Welcome to CBE’s Library

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When the curtain on male headship is pulled back, it shrinks from the light of logic and truth. Consider the most recent defense of male headship by John Piper. He offers three reasons why he believes it will endure, but in pulling the curtain back, we find each deeply flawed.

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In her book, Worthy: Finding Yourself in a World Expecting Someone Else, Melanie Springer Mock critiques the Christian culture which labels people and puts them into boxes. She then affirms God’s heart for every individual by emphasizing how much he loves them, regardless of what the world might think. She shares many experiences from her own life, both painful and positive, that helped challenge her thinking.

 

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Two weeks ago, I was at the CBE Annual Conference in Los Angeles. I’m not sure how to summarize the conference, so I thought I’d share some of the notes and quotes I wrote down while I was there. I hope they inspire you like they inspired me!

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In a continuation of the second of several conversations sponsored by CBE and our 2021 Conference partners, Charles Read asked three conference speakers to consider how churches can better value women leaders.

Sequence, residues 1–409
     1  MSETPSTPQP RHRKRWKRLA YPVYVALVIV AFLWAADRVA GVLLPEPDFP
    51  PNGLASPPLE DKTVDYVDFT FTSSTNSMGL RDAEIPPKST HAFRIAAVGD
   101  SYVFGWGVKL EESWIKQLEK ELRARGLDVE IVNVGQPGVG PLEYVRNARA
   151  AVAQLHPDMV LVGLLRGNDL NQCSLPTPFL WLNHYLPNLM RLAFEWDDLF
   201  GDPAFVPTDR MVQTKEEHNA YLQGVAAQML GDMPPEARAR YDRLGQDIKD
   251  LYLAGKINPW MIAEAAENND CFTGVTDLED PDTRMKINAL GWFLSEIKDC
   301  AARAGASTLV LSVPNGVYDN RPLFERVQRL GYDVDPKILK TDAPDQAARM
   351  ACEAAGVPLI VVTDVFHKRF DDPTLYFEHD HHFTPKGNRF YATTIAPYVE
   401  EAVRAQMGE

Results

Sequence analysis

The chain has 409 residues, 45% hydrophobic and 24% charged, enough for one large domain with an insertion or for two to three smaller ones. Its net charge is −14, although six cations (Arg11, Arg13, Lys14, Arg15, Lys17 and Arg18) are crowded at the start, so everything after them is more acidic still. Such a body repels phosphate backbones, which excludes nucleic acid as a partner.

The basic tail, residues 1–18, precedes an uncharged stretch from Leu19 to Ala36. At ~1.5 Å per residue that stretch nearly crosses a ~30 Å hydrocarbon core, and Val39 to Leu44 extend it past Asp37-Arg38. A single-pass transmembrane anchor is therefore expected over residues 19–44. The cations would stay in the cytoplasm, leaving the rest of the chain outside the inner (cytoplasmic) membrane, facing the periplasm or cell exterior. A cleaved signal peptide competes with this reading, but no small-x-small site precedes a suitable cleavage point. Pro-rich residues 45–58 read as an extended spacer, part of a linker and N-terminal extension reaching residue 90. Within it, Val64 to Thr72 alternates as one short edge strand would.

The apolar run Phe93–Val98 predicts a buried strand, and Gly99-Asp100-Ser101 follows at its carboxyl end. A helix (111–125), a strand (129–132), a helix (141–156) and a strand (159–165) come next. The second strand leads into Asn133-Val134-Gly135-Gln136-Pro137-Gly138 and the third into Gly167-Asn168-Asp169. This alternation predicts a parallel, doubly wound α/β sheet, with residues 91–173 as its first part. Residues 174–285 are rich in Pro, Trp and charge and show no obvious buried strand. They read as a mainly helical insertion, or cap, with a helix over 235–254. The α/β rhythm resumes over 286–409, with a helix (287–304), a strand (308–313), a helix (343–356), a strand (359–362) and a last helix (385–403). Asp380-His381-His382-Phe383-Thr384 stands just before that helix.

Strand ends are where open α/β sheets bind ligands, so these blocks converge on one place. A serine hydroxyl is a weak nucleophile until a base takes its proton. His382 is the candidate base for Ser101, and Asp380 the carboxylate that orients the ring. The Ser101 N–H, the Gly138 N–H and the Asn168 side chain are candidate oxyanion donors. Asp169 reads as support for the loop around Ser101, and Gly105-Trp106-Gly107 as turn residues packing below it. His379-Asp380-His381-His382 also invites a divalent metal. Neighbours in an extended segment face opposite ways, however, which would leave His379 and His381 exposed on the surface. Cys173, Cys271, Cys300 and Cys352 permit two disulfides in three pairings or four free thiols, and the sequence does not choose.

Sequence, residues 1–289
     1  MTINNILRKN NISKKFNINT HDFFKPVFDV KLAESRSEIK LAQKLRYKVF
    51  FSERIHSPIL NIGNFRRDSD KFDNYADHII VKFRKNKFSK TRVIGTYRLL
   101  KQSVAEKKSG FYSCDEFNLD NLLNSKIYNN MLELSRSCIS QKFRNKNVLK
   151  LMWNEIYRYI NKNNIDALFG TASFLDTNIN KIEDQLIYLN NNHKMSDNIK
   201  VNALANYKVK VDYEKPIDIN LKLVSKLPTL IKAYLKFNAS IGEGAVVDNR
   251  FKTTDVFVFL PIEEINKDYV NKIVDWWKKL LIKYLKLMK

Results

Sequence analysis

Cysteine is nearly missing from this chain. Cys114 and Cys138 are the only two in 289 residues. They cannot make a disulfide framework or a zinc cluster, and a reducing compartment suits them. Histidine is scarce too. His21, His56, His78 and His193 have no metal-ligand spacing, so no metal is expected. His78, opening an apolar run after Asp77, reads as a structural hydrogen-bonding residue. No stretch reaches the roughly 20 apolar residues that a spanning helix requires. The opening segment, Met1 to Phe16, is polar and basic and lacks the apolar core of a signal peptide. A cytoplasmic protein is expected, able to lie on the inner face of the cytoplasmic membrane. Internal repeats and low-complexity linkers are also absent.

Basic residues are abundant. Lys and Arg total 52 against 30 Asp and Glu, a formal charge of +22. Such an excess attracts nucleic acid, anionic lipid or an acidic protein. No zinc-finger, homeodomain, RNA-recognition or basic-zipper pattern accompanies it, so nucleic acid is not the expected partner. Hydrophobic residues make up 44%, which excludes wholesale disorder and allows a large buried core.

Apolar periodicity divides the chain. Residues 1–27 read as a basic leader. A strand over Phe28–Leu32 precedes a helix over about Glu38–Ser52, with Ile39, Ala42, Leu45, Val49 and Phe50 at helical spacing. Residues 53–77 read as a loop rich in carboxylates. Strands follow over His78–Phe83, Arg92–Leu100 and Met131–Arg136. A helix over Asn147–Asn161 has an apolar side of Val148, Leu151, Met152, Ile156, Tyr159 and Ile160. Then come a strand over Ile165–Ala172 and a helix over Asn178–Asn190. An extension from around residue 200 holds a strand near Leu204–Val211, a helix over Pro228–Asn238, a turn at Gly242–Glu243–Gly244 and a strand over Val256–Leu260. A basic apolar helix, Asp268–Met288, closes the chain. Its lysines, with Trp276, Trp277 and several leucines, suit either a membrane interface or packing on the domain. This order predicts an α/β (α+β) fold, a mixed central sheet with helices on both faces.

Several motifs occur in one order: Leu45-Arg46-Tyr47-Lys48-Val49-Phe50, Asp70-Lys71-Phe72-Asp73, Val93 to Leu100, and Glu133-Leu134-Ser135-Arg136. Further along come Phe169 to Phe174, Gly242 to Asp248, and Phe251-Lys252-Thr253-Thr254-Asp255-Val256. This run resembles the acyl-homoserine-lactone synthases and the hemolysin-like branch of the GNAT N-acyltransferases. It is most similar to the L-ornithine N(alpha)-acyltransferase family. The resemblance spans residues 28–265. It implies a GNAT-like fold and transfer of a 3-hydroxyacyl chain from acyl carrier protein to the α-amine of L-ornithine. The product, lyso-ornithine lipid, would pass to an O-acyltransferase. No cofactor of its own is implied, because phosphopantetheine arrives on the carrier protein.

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We can follow these examples of radical acts of loving by making small choices each day: recognizing someone else’s pain before yelling at them for being too needy; giving someone the benefit of the doubt before jumping to conclusions; forgiving someone who has disappointed us.

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The memories of child prostitutes on the streets of Bangkok are still swirling in my head. Even as the Lausanne prayer team walked and prayed through the streets of Thailand, one prostitute begged them to take her home. How can we encounter such suffering with- out longing to make a difference?

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I’m not sure if I ever totally believed that the Bible mandated inequality between the sexes, but that’s just the way it was. I grew up in a church that didn’t necessarily preach such inequalities, but practiced them none the less. By their example I understood that there was a “man’s place” and a “woman’s place.” The men held positions of leadership and the women were in charge of the nursery and potluck dinners.

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Do we really embrace women in ministry? Do we hire them for teaching and executive leadership positions or do we throw up roadblocks and excuses for not passing the pastoral mantle to women?

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Sarah Trimmer (1741–1810), Harriet Beecher Stowe (1811–1896), and Elizabeth Baxter (1837–1926) are three foremothers of faith who have left us an extensive legacy of published works. 

 

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Throughout history, charismatic men and women of God have risen up, almost out of nowhere, to lead spiritual movements and shape theological discourse. These leaders often build churches and large followings before the institutional church pulls them in for a chat. The air is tense, awkward. At some point in the conversation someone asks a deceptively simple question: “Who gives you the authority to do the work you are doing?”

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